Ripped at Sanitary Harry’s in 2002

[Editor’s note: For this week’s essay we’ve once again pulled out a relic from the archive of Slim Goodbuzz, who served as Duluth’s “booze connoisseur” from 1999 to 2009. The Sultan of Sot penned this article for the March 6, 2002 issue of the Ripsaw newspaper. Sanitary Harry’s went out of business not long after.]

St. Louis County Highway 7 is a long, thirsty road. I started tonight’s quest in Twig, figuring there would be some combination bait, liquor and grocery store there, and the proprietor would offer me a stool, creating a bar-enough atmosphere. No such luck. If there is any booze in Twig, I can’t find it. It’s enough of a task for me just to find Twig. Any attempt to retune the radio or pay attention to traffic is enough distraction to completely miss the tiny township so feebly, yet aptly, named.

If I am anything, however, I am determined. True, quite often I am not anything, but tonight I am indeed determined; “determined” being a synonym for “thirsty.” So I keep motoring down Highway 7, and, after mile upon mile of driving through more and more nothing, I start hoping for space aliens or Sasquatch to please abduct and abuse me before I die alone of sobriety. Finally, I find a small shack in Kelsey with a bunch of Arctic Cat jackets mulling around outside it, marking the spot. Aliens, Sasquatch … the Snowmobile Monkeys of Kelsey will be close enough for me. The name of their headquarters is Sanitary Harry’s.

I swing the door open to find about 25 of the soppingest homesteaders I’ve ever beheld in all my years of beholding. The odd part is that most of these 120-proof sponges are quite young, probably about 24 years old. Only a small minority of them — maybe four or five — are female. Still, that amount surprises one of the regulars, who tells me he “didn’t expect so much young snatch tonight.”

Above the bar hangs a wooden sign with a pistol painted on it. It reads: “We don’t call 911.” This is good news because the cacophonous karaoke going on in this room is reaching emergency status, and I would much rather see the problem solved with a pistol than a badge.

At first, I have trouble deciding what beer to order, because the place is so cluttered with handwritten and computer-printed paper signs, I can’t find a beer list or even a neon Pabst Blue Ribbon light. Instead, I find such clever witticisms as: “You have a right to your opinions, I just don’t want to hear them!” It’s easy to tell these quotes are funny, because they all end with an exclamation point to tell me so.

Sanitary Harry’s is sort of like the Anchor Bar’s annoying cousin; there’s the same amount of stuff hanging on the walls at Harry’s as at the Anchor, but none of it is interesting. In addition to the clever signs, there is a table with a massive amount of products for sale, which include shampoo, paperback books and lighter fluid. At least one of these things should come in handy before the night is through.

I find myself an empty stool amid the disorder and notice a spot on the wall where I can read the words “Lacrosse Lager.” I tell the bartender I would like a Lacrosse Lager and she reacts as if I asked her to please fill a pillowcase with fresh crab cakes for me. I don’t know if she can’t hear me over the guy singing ZZ Top songs or if she’s just a little slow, but she walks away with a confused look, disappears into the back room, reappears to confer with the other bartender, then goes about some other task. My new bartender, an old coot even more confused than the previous bartender, appears from the backroom with a bottle of Michelob Honey Lager. Close enough, I figure.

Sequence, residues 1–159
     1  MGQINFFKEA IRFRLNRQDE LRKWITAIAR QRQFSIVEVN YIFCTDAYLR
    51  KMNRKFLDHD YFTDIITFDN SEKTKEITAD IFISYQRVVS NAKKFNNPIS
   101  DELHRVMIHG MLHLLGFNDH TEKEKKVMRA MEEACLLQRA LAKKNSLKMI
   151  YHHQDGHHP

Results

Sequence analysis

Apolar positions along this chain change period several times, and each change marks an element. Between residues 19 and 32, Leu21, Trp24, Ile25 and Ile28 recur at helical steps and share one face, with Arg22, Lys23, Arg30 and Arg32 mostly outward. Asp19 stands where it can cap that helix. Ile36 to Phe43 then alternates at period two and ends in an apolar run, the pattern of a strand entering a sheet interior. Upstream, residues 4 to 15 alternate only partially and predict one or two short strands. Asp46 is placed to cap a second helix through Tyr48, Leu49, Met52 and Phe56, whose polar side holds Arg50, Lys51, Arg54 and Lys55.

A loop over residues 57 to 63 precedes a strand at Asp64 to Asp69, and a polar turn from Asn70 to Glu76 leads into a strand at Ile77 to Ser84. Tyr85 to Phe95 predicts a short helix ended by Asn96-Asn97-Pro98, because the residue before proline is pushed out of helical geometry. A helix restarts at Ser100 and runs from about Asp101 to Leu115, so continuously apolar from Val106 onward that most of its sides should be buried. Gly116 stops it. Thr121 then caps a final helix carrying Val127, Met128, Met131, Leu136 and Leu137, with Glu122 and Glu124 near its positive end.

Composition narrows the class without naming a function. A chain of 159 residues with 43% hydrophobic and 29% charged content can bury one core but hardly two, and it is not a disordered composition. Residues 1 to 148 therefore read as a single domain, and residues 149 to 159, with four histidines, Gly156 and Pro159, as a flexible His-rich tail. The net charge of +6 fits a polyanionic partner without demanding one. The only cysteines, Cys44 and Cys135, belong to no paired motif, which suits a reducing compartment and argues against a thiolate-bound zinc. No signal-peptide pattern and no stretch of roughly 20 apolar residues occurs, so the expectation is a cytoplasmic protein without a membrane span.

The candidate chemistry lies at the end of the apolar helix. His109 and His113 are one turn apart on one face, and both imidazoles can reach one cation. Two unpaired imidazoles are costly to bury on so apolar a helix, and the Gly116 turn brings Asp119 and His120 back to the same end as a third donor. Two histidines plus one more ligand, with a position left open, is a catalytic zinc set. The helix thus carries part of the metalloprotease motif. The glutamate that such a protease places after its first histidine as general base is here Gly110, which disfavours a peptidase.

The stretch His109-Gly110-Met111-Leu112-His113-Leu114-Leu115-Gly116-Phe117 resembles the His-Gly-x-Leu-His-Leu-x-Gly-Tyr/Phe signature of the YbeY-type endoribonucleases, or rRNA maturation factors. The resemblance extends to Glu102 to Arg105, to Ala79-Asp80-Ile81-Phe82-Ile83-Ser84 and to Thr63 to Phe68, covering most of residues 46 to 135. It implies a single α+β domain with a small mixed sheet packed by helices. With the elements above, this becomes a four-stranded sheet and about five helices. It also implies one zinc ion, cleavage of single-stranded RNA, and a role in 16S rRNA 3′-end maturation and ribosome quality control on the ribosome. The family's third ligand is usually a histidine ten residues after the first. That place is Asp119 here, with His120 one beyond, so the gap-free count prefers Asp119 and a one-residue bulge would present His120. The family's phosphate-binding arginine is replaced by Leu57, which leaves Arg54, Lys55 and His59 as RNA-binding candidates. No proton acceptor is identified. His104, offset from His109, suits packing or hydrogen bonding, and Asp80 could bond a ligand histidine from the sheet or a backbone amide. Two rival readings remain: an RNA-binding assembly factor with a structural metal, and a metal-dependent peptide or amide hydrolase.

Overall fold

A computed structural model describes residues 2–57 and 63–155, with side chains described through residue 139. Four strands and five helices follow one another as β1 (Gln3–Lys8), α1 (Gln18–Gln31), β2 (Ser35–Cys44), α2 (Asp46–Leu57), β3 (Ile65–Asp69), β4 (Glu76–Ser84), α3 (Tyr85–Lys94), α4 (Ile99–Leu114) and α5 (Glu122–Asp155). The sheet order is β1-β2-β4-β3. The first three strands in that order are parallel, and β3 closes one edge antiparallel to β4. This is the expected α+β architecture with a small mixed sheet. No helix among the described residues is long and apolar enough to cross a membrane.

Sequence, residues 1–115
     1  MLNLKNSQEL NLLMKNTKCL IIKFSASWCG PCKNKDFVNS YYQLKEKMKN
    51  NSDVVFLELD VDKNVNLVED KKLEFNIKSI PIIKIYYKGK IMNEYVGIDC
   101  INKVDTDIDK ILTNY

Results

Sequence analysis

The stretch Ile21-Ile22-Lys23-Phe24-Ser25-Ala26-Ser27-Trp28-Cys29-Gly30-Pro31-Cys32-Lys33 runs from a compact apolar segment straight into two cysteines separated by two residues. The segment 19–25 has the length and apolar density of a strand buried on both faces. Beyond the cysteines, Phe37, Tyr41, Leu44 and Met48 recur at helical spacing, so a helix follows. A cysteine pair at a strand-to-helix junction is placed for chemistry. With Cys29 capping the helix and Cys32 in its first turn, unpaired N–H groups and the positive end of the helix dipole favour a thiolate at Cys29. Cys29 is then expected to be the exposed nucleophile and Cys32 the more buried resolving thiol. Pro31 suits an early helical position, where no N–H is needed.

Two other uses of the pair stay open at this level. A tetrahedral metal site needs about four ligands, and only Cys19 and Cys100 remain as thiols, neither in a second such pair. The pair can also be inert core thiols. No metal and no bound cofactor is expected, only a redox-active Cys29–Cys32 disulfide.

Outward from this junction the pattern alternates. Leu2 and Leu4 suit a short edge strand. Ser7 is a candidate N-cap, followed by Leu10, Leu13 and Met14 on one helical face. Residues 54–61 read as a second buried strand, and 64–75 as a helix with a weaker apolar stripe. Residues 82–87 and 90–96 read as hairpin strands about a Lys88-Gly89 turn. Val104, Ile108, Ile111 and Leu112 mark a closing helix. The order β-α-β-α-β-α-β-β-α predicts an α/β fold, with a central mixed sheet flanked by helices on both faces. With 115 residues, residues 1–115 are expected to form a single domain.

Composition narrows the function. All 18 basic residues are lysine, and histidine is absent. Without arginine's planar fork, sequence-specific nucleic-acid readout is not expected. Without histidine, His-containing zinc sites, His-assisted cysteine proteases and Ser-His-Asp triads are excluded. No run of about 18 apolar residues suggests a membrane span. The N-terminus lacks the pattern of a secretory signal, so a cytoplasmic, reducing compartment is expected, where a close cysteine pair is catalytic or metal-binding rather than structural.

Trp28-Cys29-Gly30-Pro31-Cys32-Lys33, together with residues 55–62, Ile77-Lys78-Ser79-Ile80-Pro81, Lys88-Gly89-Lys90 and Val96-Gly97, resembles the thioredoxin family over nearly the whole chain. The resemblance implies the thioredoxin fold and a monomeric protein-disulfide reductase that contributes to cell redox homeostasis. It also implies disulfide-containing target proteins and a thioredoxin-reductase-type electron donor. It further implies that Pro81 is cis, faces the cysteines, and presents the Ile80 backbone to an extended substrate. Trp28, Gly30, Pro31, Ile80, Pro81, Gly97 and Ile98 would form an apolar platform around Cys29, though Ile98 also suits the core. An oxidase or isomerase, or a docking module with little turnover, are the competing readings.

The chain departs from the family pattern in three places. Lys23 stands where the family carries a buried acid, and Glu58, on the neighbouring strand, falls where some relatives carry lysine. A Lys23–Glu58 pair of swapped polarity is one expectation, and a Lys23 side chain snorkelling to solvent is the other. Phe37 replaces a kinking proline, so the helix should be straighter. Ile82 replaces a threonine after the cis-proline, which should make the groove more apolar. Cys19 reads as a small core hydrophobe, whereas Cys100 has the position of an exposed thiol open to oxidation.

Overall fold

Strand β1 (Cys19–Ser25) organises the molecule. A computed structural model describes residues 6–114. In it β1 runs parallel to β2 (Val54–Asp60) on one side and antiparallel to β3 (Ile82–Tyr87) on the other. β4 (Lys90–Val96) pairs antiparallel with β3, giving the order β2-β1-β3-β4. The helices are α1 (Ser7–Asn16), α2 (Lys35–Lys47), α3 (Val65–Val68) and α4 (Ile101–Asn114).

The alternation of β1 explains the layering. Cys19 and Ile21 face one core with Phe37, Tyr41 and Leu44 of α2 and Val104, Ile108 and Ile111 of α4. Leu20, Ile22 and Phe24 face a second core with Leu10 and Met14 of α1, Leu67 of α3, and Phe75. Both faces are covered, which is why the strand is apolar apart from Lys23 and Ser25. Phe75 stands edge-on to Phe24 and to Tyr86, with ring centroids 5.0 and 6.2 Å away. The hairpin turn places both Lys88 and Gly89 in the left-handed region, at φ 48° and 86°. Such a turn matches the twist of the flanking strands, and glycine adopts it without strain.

“Do you have any pain killers?” the withered prune asks me.

I tell him no.

“Oh,” he says, “In that case the beer is $2.75.”

Further conversation with the old man reveals a number of things I’m not sure I heard right. Apparently, this fossil is shacking up with some lady — I think named Flo — who owns the joint. She apparently took over after the original owner, a guy named Harry, kicked the bucket. Old bartender guy tells me Flo is in love with him because, “How could she not be?!” He also informs me that he loves everyone and is on everything. At least, I’m pretty sure that’s what he said.

My next conversation is with some dude in a camouflage hat, who is my least favorite kind of drunk. He keeps telling me over and over again that he has “160 acres of land out here,” and that he, “killed a lot of fuckers in Somalia.” In between, he mixes things up by discussing various unrelated topics, such as the geopolitical parallels between modern America and pre-collapse Rome. “Rome, man. Just like fucking Rome,” he says. “I have 160 acres out here.”

As closing time nears, the least intoxicated young woman begins carting out her obscenely drunken girlfriends, in an effort to protect them from waking up in a ditch. This is a signal to me that I better start thinking about protecting myself. I walk out into the parking lot and find the women flopping around on the dirty, snowy parking lot, trying to hold each other up and maintain balance, and failing, quite tragically, to do so. I sit down on the hood of my car, and wonder how much it will cost to get a taxicab to come out here. It’s a good thing there are plenty of paperback books to pass the time, because I’m just going to sleep here and wait for Sasquatch to come pick me up.

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